Zugzwang in the New YearPrint
You can’t win—should you even try?
By Jessica Love
January 9, 2014
This year, in lieu of driving, I’ll be taking the train to work. This is my New Year’s resolution, and, in the way of New Year’s resolutions, it is above reproach. Good on you, I tell myself, stocking my closet with long underwear and committing the train schedule to memory. But just a few days into 2014, I have already accepted rides home nearly every evening. “It seems,” said a coworker, not unkindly, “that your New Year’s resolution is to be driven around by other people.”
And so I am reminded, once again: in a complex system, who’s to say how things will play out? Jennifer Berman captures the sentiment well in a recent essay in The New York Times. After a lifetime of filling her cart with “nonprocessed, gluten-free, non-G.M.O., heirloom, grass-fed, free-range and artisanal goods,” Berman was rewarded with a diagnosis of hypothyroidism, and told to avoid nearly every good-for-you food on her shopping list. To make matters worse, the fluoride she was newly prescribed by her dentist—all that carrot juice and lemon water wasn’t great on the teeth—has been linked to hypothyroidism. “Which should I choose?” she asks. “My thyroid or my teeth?”
A German term for this—zugzwang—is used in chess to describe a situation where every move is a bad one: Damned if you do, but damned if you do that other thing instead. These situations can be frustrating in part because there are genuine tradeoffs to be considered. Reasonable people can look at the same evidence and come to different conclusions. Even the same person could look at the evidence twice and come to different conclusions. When these tradeoffs are difficult to quantify, or impossible to compare—is my not driving rougher on my coworkers than my driving would be on the environment?—reasonable people just shudder and give up.
Which brings us to another reason why these decisions are so disconcerting: We’re not used to making them. We’re lazy thinkers. Not all the time, but most of the time. In his book Thinking Fast and Slow, the psychologist Daniel Kahneman describes mental shortcut after mental shortcut that we rely on to make sense of things—which is to say, to avoid truly making sense of things.
Take the availability heuristic, in which our ability to judge the probability of something happening is related to how easily we can recall specific instances of it in the past. Like all heuristics, it serves us well much of the time. But it can also explain why we might worry more about some rare disease that has afflicted a friend than some common disease that hasn’t. Or take the affect heuristic, in which we use how positively or negatively we feel about something as a quick gauge of how safe or risky it actually is. “The affect heuristic simplifies our lives by creating a world that is much tidier than reality,” writes Kahneman. “Good technologies have few costs in the imaginary world we inhabit, bad technologies have no benefits, and all decisions are easy.” Sounds good to me.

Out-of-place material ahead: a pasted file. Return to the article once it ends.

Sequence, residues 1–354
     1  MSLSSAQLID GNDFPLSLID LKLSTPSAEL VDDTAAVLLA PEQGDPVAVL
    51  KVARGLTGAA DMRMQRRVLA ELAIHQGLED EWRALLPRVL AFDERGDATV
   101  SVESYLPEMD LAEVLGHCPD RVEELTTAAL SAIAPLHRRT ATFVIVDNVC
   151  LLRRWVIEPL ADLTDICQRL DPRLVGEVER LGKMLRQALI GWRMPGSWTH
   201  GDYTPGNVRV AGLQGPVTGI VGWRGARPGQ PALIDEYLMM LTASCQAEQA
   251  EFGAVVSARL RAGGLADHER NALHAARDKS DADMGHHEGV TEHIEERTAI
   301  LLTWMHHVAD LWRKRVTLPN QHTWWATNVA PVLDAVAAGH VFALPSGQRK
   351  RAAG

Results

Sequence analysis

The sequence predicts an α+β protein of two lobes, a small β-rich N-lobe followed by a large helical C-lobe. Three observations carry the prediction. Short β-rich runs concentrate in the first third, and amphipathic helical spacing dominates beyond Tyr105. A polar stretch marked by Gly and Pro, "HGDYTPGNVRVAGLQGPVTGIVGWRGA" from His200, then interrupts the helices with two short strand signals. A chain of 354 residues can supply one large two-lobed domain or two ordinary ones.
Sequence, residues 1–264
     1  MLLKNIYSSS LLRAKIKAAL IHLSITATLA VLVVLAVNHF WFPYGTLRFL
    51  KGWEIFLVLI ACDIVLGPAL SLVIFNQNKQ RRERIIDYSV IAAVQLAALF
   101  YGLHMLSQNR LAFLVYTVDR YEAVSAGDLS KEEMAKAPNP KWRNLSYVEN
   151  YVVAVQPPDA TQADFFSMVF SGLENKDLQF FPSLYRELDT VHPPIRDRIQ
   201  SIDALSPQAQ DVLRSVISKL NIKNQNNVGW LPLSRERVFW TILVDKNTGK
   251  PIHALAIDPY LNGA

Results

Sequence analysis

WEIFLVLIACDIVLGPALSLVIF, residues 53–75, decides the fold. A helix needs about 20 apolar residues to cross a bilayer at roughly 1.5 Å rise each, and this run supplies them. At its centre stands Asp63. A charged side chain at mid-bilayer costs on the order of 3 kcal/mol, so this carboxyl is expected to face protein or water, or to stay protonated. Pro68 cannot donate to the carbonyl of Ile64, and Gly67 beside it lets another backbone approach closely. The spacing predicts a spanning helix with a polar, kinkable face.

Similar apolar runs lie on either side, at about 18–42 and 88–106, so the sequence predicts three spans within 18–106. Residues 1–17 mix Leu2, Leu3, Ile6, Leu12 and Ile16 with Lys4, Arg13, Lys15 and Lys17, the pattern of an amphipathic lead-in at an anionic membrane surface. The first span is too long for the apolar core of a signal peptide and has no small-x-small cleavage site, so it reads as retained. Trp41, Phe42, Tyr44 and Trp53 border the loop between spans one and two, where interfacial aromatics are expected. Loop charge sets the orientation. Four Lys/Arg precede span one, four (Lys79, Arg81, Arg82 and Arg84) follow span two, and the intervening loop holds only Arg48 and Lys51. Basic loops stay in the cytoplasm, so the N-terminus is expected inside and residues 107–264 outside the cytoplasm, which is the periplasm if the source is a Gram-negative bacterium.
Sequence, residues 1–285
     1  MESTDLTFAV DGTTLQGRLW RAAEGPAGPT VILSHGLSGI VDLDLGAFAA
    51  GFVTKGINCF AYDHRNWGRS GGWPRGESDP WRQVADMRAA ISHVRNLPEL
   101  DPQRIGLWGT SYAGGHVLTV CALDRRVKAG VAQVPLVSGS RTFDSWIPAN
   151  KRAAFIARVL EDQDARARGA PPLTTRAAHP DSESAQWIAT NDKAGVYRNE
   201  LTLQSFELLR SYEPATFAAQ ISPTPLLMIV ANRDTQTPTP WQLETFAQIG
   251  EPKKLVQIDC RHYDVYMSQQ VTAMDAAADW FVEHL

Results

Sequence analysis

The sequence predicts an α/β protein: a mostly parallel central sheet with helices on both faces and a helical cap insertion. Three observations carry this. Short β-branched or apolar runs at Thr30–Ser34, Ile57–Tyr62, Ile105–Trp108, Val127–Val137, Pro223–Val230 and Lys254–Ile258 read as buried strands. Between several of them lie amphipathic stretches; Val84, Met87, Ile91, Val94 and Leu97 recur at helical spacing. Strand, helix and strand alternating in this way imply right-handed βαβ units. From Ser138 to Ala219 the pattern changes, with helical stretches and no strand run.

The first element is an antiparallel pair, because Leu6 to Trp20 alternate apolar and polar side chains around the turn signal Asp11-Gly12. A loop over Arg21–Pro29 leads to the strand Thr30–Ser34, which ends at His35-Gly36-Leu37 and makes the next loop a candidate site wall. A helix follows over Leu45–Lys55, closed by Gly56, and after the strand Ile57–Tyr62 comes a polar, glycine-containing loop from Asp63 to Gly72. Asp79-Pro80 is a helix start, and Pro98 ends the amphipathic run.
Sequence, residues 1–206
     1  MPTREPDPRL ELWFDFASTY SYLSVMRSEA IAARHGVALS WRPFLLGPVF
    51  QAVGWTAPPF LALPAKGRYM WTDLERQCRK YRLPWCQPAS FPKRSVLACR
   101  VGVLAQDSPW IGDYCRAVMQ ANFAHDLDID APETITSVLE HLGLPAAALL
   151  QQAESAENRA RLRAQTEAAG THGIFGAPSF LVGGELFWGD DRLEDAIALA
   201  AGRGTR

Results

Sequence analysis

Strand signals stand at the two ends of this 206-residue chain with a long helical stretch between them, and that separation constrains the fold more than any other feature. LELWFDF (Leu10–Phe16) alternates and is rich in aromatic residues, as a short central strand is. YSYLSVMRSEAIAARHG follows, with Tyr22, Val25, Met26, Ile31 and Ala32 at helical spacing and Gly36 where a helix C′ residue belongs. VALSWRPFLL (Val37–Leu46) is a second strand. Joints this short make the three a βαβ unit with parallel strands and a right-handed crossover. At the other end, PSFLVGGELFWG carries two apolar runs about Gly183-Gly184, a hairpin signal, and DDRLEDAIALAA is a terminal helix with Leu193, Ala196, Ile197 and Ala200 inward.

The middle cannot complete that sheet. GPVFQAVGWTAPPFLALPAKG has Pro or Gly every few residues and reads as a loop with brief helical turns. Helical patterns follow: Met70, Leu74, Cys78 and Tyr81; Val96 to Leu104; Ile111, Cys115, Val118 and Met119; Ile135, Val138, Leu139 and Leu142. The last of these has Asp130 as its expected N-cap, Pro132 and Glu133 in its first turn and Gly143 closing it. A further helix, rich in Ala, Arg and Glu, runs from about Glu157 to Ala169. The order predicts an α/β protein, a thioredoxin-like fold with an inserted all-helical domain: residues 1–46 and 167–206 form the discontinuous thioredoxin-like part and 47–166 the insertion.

Perhaps few people are confronted so bluntly with cost-benefit tradeoffs as parents, who experience all of the usual quandaries, but with much higher stakes. Kahneman describes a study in which parents were asked how much they’d be willing to pay for safer products. An insecticide is known to cause 15 child poisonings per 10,000 bottles. How much would they pay for an insecticide that reduced this risk to 5 injuries per 10,000 bottles? Parents on average agreed to pay an extra $2.38 a bottle for the substantially safer product. But when asked how discounted a slightly more dangerous product would have to be—one causing 16 injuries per 10,000 bottles instead of 15—before they would purchase it, two-thirds refused to buy the product at all. This is, of course, ridiculous. Paying top dollar to avoid accepting even minuscule risks is a great way to run out of money each month before you’ve paid your heating bill. “In fact,” says Kahneman, “the resistance may be motivated by a selfish fear of regret more than by a wish to optimize the child’s safety.”
But what has motivated my mother, after years of gung-ho advocacy, to become newly skeptical of sunscreens? “Avoid those containing oxybenzone and/or retinyl palmitate,” she instructed me in an email. Instead, I’ve been directed to use zinc oxide, the pasty white stuff that leaves your face looking like a mime. Right. That’s what I’ll put on my face before I walk to and from the train station. The only thing to do, it seems, is drive.
Jessica Love is a contributing editor of the SCHOLAR. She holds a doctorate in cognitive psychology and edits Kellogg Insight at Northwestern University.